• Woman writing in her Journal about Leadership



Find a Mentor – a topic that’s covered in every book, business meetings and church small groups. It’s the newest “it” word, since Captain Crunch, but what does it mean? What should I look for in a mentor? Do I even need one? Here are some helpful tips to help you navigate the waters of this trending phenomenon.


Look for Someone Who Can Take You Higher


This is imperative! Mentorship must be a balance with spirtual growth and practical progression. If people around you are not moving forward, then you’ve settled for the wrong dinner party. Look for leaders who have a greater reach, greater communication with their audience and love what they’re doing.


Great leaders are not great because of their following, but because of their vision. Click To Tweet


Finding the right mentor has more to do with finding commonality with their vision than their personality. You might differ with the way they present their platform, but you must ask yourself if you agree with their platform, even if you don’t click with their personality.


Also, choose leaders who are attracting the type of audience that’s applicable to your product. Are they seeing results? Are they resonating with your social media tribe?


Look for Someone Who Can Be Your Greatest Fan


This is not to say that criticism is irrelevent, but to suggest that you should look for someone who will be on your team.


Baseball requires each player to succeed – it dares each of them to step up to the plate, hit the ball and pitch with strength. However, it also requires them to lean on the direction of a good coach – a coach who will defend their team in public and correct their swing in private. Mentors must be men and women who will stand beside you in the trials and guide you in the triumphs.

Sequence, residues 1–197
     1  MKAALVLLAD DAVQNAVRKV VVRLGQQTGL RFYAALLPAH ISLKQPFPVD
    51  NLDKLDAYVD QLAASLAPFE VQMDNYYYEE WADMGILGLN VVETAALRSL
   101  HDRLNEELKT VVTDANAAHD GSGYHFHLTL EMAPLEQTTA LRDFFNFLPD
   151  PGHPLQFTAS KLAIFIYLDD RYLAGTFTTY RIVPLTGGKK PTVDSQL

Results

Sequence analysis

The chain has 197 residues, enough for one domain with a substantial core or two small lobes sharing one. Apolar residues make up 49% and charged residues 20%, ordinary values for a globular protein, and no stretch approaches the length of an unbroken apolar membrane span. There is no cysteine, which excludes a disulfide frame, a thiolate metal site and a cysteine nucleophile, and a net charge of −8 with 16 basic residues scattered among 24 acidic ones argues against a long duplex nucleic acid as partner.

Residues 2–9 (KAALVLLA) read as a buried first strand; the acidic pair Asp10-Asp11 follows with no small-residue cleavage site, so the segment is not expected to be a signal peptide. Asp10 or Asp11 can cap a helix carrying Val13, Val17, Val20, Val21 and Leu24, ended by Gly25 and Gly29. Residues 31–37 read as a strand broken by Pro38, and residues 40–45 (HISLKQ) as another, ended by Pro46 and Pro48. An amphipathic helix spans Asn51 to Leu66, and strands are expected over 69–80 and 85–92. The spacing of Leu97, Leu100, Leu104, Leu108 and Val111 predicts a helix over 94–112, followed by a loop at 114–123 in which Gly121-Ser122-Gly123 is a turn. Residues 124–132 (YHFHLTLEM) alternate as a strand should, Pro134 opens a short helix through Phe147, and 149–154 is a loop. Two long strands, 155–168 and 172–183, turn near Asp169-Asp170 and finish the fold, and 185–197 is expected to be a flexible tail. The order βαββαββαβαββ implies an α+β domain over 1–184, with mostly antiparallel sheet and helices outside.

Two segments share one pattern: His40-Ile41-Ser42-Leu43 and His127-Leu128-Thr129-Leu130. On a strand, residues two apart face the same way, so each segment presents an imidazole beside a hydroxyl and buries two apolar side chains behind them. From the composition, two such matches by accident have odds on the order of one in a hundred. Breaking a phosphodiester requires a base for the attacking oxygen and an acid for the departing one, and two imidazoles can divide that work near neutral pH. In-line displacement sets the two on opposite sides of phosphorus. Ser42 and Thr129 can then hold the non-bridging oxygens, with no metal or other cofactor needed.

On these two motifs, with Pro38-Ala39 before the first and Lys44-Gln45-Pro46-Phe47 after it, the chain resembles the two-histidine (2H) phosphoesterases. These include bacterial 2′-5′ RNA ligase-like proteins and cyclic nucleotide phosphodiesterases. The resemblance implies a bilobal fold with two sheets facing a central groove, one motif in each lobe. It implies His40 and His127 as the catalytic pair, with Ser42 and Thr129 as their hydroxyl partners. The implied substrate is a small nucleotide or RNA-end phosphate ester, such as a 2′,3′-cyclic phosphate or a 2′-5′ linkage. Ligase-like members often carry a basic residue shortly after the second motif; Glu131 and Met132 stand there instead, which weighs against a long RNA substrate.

Look for Someone with Previous Accomplishments


I’ve heard many leaders encourage people to be mentored by the same gender. I would advise differently.


Luke 12:48 NIV
But the one who does not know and does things deserving punishment will be beaten with few blows. From everyone who has been given much, much will be demanded; and from the one who has been entrusted with much, much more will be asked.


All of us are given a purpose and all of us are held accountable for our actions. Mentors are to compel us in our calling – this requires us to build professional relationships with both genders and all ages. Not one is obsolete; only unnoticed. It’s up to us to reach out and connect with people based on their leadership abilities.


Look for Someone Who Understands Your Vision 


I have had men and women reach out to me and ask to mentor me, but I always make sure that they will better the vision and calling God has given me; not overshadow or change my purpose.


Mentoring is a brain to pick, an ear to listen, and a push in the right direction.
– John C. Crosby 


This last point is the most important. Mentorship is not a grooming process for leadership succession, but a set course that serves to impart wisdom and direction towards new vision, new ideas and a new generation.





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Colleen Batchelder"> Colleen Batchelder
Colleen Batchelder has always been passionate about putting Feet to her Faith! She loves traveling the globe minstering at various churches, colleges and conferences speaking to audiences ranging in age from 9 – 101. She speaks on inter-generational communication, reaching millennials within the workplace and church and breaking down generational assumptions. When she’s not pouring over books, you can find her enjoying a nice Chai Latte, exploring NYC or traveling to a new and exotic destination.

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